Scuba Diving in Antarctica

If you’re looking to get as close to the underwater world of Antarctica as you possibly can; then scuba diving below the surface is an adventure you won’t want to miss. The water is ice cold; but once you’re in, the majestic ocean captivates you and the shock of the water leaves your body as mesmerising fish and sea creatures swim around you.

Pre Requisites  

Whilst you must be a fully experienced diver to scuba dive in Antarctica; getting your international accreditation shouldn’t take much longer than a few months if you’re new to diving. Technically it can take as little as a few weeks but you really want to make sure you’re 100% comfortable in the water to maximise your experience.

In addition to the accreditation, you also need to have completed the prerequisite 20-30 cold-water dives. Depending on your Antarctic operator, there may be more or less required cold-water dives. These cold-water dives must be completed wearing a dry suit, as you will be required to wear one while diving in Antarctica.

Essentially experience is the key. It’s a risk scuba diving anywhere in the world; but the risk is even bigger in Antarctic waters due to the ice cold temperatures. Furthermore, the ice itself is constantly shifting, closing off entry and exit points, opening them elsewhere.

 The hardest factor to manage will be the cold water. Now when we say cold, we mean freezing, numbing ice cold temperatures that will quickly anesthetise the few parts of exposed skin (your cheeks). As time goes on, you’ll feel the cold finding its way through your suit hitting so hard, it may feel unbearable. But with all this discomfort, you’re greeted with the greatest reward: Antarctica below the surface; an underwater world, so mystical and bewildering; you’ll forget how cold you are.


Your operator supplies most of the diving equipment, including compressors and weights. You will definitely be required to bring your own dry suit. And depending on which operator you choose, you may be required to bring a pressure gauge, stabilising jacket, depth gauge/watch/ or computer, mask, fins and snorkel. More or less equipment may be required, so be sure to check with your operator for a full list of what to bring.

Marine wildlife

While you may not expect to see very much coral, given the ice cold water temperature; the coral and sea life create a lush rainbow of colour and texture across the sea. At various depths of the ocean the types of plants and animals you see quickly changes.  You can go from forests of kelp at 30 -50 feet, to thick masses of feather hydroids (colonial animals related to corals) and no kelp whatsoever below 165 feet deep.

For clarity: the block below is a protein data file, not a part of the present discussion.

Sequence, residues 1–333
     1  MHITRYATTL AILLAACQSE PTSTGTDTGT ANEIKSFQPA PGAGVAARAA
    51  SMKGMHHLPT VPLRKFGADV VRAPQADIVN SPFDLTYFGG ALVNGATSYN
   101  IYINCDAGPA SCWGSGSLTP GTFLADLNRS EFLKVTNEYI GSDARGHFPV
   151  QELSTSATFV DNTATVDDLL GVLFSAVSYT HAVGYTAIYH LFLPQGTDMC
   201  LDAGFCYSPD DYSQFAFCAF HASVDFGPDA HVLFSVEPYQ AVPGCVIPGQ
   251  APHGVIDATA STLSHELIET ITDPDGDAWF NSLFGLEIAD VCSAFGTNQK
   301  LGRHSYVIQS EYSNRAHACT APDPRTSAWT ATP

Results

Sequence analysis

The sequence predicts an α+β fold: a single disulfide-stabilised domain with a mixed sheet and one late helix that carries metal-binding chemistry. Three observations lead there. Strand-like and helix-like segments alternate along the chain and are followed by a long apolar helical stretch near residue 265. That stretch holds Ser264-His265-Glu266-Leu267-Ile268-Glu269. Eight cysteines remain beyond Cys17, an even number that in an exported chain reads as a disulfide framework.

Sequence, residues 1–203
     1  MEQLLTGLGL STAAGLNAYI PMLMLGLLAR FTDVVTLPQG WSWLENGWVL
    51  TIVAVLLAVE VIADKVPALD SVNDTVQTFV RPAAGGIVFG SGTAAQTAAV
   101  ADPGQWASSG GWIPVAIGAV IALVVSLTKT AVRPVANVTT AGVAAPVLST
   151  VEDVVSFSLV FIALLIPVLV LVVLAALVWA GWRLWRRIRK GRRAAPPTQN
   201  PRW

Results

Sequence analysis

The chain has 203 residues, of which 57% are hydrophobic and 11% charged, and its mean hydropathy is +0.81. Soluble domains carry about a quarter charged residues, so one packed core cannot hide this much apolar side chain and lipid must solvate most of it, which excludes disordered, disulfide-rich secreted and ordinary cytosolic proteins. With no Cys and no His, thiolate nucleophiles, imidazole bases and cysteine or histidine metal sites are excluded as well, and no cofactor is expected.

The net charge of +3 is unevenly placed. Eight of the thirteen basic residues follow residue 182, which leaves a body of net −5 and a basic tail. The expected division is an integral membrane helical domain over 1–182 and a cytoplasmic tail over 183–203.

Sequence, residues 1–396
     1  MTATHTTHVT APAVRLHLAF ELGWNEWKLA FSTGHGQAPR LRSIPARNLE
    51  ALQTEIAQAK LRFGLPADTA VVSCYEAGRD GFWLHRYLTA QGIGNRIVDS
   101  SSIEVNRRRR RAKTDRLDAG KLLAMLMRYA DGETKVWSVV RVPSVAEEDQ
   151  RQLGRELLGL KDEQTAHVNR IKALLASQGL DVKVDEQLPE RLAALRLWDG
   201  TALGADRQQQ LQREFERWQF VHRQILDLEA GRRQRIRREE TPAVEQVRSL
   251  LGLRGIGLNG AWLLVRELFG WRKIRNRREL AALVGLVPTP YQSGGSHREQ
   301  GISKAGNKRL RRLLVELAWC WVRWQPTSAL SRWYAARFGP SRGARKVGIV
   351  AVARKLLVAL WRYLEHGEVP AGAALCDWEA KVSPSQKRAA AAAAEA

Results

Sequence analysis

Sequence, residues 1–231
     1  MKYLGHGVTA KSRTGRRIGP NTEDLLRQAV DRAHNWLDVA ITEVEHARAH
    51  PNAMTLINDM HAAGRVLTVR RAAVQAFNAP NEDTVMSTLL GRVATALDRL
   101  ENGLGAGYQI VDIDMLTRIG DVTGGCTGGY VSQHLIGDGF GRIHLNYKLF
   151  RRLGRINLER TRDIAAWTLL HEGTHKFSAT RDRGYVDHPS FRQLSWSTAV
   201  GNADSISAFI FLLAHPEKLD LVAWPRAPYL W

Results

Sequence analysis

Expect to see anything from starfish and crabs to sea urchins and jellyfish.

When diving, you might notice a serious contrast in the size of some the marine life in Antarctica compared to other parts of the world. Sea spiders for example, are a polar gigantism; tiny and almost invisible to humans pretty much everywhere else in the world, but in Antarctica, these creatures a huge and have seven-inch legs!

Of course a dive in Antarctica wouldn’t be complete without penguins. Depending where you are and what time of year you’re diving, you may be lucky enough to see penguins, seals, sea lions or maybe even some whales!


Diving in Antarctica is truly incomparable to anywhere else in the world. The landscape consists of ice sheets, glaciers and icebergs. While ice, ice and more ice may not seem that exciting, it is truly magical. A true winter wonderland with ice sheets glistening in the sunlight, the spectacle only gets more spectacular underwater. Swimming amongst glaciers and under ice sheets is truly like no other experience.

Diving in Antarctica is something people often only dream of doing.  Swim through the iciest waters in the world amongst colourful coral.  Encountering sea creatures that are unique to the Antarctic waters makes this an unparalleled experience. So, why wait? Get that diving training underway and start planning your Antarctic dive today!

References:  Thank you Oceanwide ExpeditionsScubadiving.comAurora ExpeditionsWaterproof ExpeditionsNational Geographic

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